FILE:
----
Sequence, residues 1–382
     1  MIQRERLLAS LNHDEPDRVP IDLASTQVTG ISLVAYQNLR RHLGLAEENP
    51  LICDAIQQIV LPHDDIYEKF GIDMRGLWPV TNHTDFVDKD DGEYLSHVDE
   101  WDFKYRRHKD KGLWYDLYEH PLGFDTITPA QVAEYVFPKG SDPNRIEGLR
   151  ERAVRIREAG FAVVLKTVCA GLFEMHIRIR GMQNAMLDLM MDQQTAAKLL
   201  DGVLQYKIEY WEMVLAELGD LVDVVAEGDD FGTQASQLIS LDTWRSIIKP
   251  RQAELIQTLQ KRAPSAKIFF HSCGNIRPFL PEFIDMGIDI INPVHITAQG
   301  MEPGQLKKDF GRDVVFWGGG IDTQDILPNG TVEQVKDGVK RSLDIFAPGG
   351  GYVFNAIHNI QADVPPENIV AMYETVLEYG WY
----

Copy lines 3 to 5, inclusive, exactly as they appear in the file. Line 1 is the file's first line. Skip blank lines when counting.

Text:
    51  LICDAIQQIV LPHDDIYEKF GIDMRGLWPV TNHTDFVDKD DGEYLSHVDE
   101  WDFKYRRHKD KGLWYDLYEH PLGFDTITPA QVAEYVFPKG SDPNRIEGLR
   151  ERAVRIREAG FAVVLKTVCA GLFEMHIRIR GMQNAMLDLM MDQQTAAKLL